I wasn’t planning on a week of showcasing mainly left-field electronic burbling – astute readers will notice that I don’t plan anything at all – but it has worked out that way. You can tell this at a glance of the ANBAD front page – it’s full of vaguely colourful pictures instead of band images. Electronic artists love to hide behind vaguely colourful images.
It’s often useful not to dwell on the whys, and to simply get stuck into the doing. This, I believe, is the secret behind pretty much everything, but especially so when it comes to the usually solitary process of making electronic music. Too much thinking hurts everyone and everything involved.
I’m not saying that music like Halls‘ Cave Days isn’t thoughtful, or even thought-out, just that such dreamily soft and persuasive songs have to be drawn from the depths of the mind by near-nefarious means.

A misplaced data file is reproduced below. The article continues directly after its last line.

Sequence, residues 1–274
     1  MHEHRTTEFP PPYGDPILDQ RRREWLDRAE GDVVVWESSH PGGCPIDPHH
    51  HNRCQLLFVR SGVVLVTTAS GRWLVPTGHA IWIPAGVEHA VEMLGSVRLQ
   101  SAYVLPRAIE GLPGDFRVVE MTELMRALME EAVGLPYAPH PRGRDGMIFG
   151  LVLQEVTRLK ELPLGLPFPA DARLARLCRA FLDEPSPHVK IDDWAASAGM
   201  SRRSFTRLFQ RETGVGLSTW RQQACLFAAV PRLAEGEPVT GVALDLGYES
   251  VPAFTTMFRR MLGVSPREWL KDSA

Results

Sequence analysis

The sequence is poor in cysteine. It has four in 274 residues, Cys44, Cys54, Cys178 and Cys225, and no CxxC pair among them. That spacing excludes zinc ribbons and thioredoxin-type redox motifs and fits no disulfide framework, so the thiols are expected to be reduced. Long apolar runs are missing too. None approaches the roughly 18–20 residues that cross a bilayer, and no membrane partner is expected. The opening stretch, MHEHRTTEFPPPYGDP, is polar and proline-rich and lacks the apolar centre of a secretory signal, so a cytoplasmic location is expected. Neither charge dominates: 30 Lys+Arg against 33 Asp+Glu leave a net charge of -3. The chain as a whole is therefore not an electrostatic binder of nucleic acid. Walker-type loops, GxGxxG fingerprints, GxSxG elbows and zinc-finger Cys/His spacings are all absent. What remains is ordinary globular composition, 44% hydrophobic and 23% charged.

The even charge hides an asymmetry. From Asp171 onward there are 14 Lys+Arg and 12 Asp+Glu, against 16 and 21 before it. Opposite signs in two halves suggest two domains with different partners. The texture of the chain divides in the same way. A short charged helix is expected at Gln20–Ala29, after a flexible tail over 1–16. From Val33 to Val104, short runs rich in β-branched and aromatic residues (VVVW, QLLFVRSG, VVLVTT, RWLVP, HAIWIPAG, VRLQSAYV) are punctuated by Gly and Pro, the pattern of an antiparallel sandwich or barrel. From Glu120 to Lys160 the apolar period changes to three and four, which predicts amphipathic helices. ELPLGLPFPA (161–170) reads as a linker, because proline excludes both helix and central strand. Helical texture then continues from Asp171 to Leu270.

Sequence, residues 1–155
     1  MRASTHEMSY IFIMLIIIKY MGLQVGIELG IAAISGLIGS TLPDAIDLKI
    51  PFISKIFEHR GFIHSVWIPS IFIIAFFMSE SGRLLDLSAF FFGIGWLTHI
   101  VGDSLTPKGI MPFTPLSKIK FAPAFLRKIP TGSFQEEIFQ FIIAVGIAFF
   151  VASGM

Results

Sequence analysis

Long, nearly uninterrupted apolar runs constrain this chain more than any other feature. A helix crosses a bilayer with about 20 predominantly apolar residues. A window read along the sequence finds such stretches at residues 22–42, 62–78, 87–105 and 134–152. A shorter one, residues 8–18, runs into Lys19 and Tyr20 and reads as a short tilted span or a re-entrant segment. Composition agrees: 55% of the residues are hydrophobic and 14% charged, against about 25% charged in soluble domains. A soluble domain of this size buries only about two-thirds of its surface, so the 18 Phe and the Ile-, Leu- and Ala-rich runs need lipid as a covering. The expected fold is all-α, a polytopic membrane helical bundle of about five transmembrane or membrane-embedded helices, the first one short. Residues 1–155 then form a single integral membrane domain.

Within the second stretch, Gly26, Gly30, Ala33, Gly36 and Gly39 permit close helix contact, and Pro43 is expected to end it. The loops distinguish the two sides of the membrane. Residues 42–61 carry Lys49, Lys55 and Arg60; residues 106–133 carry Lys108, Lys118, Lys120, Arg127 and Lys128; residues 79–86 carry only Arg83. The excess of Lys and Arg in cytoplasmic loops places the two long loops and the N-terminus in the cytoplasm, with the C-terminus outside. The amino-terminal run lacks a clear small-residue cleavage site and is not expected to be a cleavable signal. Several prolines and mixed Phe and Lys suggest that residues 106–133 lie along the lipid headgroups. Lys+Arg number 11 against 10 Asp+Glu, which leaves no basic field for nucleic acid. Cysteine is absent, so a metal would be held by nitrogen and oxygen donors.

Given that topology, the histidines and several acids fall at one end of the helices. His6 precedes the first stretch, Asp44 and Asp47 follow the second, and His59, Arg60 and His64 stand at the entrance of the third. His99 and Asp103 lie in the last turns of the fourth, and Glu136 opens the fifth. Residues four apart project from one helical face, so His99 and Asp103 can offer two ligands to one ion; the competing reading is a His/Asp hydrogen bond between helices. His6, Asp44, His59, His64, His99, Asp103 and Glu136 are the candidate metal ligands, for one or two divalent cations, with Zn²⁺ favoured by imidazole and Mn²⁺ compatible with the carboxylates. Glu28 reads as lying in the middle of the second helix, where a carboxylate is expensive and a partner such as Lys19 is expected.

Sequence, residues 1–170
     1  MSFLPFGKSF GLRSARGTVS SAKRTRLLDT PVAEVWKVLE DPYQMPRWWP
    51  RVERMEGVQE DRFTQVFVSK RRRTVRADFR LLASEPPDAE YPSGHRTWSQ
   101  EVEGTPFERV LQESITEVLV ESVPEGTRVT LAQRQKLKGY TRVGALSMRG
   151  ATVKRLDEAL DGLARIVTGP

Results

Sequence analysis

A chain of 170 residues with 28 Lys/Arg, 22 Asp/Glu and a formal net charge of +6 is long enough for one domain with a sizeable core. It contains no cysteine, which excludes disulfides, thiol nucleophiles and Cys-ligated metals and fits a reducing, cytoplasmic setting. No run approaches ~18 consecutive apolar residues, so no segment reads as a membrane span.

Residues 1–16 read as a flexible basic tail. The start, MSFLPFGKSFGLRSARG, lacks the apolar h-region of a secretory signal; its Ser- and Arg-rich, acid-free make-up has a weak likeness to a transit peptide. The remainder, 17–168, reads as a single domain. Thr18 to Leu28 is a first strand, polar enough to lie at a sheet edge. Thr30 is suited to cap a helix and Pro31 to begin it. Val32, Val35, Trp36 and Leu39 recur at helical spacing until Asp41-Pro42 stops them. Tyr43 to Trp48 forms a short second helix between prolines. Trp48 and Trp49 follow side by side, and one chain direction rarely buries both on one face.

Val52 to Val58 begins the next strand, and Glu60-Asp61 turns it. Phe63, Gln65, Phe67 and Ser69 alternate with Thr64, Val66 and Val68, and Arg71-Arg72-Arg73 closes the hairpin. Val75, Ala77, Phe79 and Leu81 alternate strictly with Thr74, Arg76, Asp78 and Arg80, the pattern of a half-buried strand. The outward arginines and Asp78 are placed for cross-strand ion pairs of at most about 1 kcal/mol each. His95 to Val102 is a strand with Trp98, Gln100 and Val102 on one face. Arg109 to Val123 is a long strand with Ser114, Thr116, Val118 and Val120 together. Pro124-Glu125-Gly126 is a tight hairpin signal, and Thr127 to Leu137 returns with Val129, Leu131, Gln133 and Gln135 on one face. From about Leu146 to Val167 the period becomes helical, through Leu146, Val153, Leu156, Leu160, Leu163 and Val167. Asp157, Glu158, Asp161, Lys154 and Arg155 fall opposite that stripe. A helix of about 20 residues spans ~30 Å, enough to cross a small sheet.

Grappling with the kind of fresh-bread-warm synth sounds that were Orbital’s trademark and using them in an wholly different manner is a tough task, but craftily achieved here. Cave Days slips past, seductive, soporific and fragrant.
Its presence is only apparent when the song carefully drains itself into silence. Replaying the song immediately is then a requirement. Now that’s the sign of a great song. Beautiful.
ALSO: Matt from the brilliant Pigeon Post asked me to write about an overlooked band for his Scattered Pearls series of articles. I’ve sullied his excellent blog by blabbing about all-but-forgotten New Zealand band The Chills, and you can read it here.